Wednesday, August 19, 2009

Coming to Poverty Late in Life

The eXiled is a raunchy, if often incisive, radicalish web tabloid that I came to via The War Nerd and their "correspondent" in Mexico who has been covering the rise of the narcotraficantes over the years through a haze of pot smoke.

One of the editors, John Dolan, has entered into a gray and ugly land that many older members of the professional class may be force-marched into in the coming year or two - the land of absolute poverty.

The whiny academic envy-speak aside, here is a man who is a creature of the education establishment, has all sorts of credentials, taught in established colleges and now, late in life, finds himself utterly unprepared for the brutal hell of poverty.

Living With Cons and Paupers in Canada’s Arctic Waters
By John Dolan
I came to extreme poverty late in life, and did very badly at it. I should have done some kind of crime. But what kind? That’s what I couldn’t figure out. What kind of crime can you actually do, if you aren’t a lawyer and don’t understand computers?

There were certainly plenty of people who could have offered me some advice on the matter. We were living on a boat, moored in a skuzzy little harbor full of small-time criminals. The one guy who went off to a job every day was a figure of awe and mockery, a freak. Everybody else scavenged or stole to buy their booze and weed...

Now, this guy is an extreme, almost a caricature of the wacked-out liberal arts academic whose worldview is informed solely through the lens of class envy, race-gender-oppression studies, a myopic focus on academic work with little to no hard skills to fall back on and who, apparently, likes to dull his senses via drugs and booze. Not a good combination for someone thrust into a survival situation.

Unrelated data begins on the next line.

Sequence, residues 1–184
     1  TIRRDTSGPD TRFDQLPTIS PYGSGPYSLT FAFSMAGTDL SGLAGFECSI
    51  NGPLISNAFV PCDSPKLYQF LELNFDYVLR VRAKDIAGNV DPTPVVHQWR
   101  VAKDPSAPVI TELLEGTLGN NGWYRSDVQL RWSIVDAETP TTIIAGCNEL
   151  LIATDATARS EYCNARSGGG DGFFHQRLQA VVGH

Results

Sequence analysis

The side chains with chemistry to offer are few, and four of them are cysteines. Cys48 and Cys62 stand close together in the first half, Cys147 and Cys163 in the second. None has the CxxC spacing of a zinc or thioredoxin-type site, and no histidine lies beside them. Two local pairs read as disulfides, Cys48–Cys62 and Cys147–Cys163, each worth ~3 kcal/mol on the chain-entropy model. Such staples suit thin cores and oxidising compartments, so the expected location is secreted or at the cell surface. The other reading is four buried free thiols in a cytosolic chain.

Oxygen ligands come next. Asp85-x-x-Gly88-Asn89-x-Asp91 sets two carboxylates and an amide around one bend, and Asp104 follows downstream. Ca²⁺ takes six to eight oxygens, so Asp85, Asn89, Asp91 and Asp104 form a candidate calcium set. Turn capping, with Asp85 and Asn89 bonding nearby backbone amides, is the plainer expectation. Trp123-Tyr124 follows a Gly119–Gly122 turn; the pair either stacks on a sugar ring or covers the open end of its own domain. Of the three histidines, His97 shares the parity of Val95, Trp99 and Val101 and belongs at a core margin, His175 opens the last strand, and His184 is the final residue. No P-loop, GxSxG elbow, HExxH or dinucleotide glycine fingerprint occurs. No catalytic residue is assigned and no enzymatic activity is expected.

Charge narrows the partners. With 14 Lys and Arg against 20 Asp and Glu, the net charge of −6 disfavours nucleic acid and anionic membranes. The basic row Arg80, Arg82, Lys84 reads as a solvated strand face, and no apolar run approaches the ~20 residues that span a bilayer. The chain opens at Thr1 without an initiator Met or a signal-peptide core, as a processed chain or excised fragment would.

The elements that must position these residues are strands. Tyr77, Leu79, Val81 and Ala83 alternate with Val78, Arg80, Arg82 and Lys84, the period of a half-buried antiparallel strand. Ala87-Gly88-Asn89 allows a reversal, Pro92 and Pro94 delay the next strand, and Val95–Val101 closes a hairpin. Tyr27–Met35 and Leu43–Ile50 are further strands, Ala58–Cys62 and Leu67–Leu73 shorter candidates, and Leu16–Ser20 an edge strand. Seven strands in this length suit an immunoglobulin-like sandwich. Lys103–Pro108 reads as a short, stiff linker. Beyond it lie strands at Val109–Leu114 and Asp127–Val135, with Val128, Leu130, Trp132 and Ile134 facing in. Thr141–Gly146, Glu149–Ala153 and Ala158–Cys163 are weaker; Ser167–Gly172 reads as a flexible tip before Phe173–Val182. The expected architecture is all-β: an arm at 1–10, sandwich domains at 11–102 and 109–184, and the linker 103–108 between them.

That said, how different is he than 10 or 20 million office drones out there in America? Sure, he is an extreme, but the difference in only one of degrees.

  • How many middle managers or younger folks in the work force have a strong Ambien or Prozac habit? What happens when that supply is cut off, cold turkey?
  • How many people have lived their ENTIRE work lives doing jobs totally intermediated by computers? Not just machinery, but computers and/or stacks of paper?
  • Speaking of machinery, how many have never even banged a knuckle on oily equipment or found a work-around for a leaky pipe or fouled valve?
  • How many will do just what this guy did - sit around and bitterly wait for someone to save them, dreaming of committing petty crimes? How many of these amateurs will actually give crime a chance?

The Great Collapse is upon us (in my strong opinion) and is possibly even weeks to a few months away at most.

A lockup of the financial system, heading into harvest (yes, all those veggies and grains have to be harvested from the field and a functioning credit system is absolutely necessary for the functioning of the modern crop delivery system for those of you in the urban cores) and then into winter will leave millions of office professionals without a job, without cash flow, without access to the mood-altering drugs that kept them going and without anything to fall back on.

What do you do with all of them? What happens to them when the Piggly Wiggly doesn't get fully restocked for a week or two at a time? Where do they go?

My only advice: don't be one of them.

Avoid the "refugee" camps that will almost certainly spring up if you possibly can. We have a population who will not able to handle the first few months of this Primary Wave 3. Clarity will come, for most, but the horrible purging and hangover between here and there will leave its scars.

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